Effects of inspiratory muscle training on exercise responses in normoxia and hypoxia

Amy E Downey, Leonie M Chenoweth, Dana K Townsend, Jennifer D Ranum, Christine S Ferguson, Craig A Harms
Respiratory Physiology & Neurobiology 2007 May 14, 156 (2): 137-46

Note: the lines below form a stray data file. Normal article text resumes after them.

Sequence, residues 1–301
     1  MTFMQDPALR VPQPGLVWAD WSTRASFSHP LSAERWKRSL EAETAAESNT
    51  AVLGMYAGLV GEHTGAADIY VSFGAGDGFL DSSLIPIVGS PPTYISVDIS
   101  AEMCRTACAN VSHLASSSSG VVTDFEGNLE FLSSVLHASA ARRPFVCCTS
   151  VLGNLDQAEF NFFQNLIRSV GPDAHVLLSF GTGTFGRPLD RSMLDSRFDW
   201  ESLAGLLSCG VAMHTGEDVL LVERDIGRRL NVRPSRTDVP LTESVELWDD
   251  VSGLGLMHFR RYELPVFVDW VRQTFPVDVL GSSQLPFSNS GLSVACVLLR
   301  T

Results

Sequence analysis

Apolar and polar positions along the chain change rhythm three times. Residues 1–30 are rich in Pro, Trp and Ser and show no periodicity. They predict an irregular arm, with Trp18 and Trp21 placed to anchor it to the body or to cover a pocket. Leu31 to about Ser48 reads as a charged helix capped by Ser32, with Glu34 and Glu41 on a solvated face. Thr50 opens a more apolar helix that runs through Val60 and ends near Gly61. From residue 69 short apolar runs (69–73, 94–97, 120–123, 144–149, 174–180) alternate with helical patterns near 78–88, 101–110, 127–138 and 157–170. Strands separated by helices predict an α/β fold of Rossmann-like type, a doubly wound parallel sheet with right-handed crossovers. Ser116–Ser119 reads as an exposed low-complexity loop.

The purpose of this study was to determine the effects of inspiratory muscle training (IMT) on exercise in hypoxia (H) and normoxia (N). A 4-week IMT program was implemented with 12 healthy subjects using an inspiratory muscle trainer set at either 15% (C; n=5) or 50% (IMT; n=7) maximal inspiratory mouth pressure (PImax). Two treadmill tests (85% VO2max) to exhaustion and measures of diaphragm thickness (Tdi) and function were completed before and after training in H and N. Significant increases of 8-12% and 24.5+/-3.1% in Tdi and PImax, respectively, were seen in the IMT group. Time to exhaustion remained unchanged in all conditions. Inspiratory muscle fatigue (downward arrowPImax) following exercise was reduced approximately 10% (P<0.05) in IMT after both N and H. During H, IMT reduced (P<0.05) VO2 by 8-12%, cardiac output by 14+/-2%, ventilation by 25+/-3%; and increased arterial oxygen saturation by 4+/-1% and lung diffusing capacity by 22+/-3%. Ratings of perceived exertion and dyspnea were also significantly reduced. These data suggest that IMT significantly improves structural and functional physiologic measures in hypoxic exercise.

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